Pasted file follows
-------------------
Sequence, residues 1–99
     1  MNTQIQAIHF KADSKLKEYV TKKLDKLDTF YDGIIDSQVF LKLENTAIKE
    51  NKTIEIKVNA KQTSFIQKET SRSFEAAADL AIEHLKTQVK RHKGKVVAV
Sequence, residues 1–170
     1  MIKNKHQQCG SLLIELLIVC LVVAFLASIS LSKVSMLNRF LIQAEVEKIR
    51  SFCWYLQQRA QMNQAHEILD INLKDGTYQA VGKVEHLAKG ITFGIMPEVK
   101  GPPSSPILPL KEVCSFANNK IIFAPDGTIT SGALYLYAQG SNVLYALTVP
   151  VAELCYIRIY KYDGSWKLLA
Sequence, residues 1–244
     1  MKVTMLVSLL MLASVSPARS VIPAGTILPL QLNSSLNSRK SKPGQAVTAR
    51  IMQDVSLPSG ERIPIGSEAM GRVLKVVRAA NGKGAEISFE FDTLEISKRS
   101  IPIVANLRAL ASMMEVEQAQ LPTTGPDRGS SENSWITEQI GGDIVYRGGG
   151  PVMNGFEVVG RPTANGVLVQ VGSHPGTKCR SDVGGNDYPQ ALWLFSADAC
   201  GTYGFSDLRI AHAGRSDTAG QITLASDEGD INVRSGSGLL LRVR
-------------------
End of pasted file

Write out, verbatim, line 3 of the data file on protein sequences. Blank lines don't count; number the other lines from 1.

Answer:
    51  NKTIEIKVNA KQTSFIQKET SRSFEAAADL AIEHLKTQVK RHKGKVVAV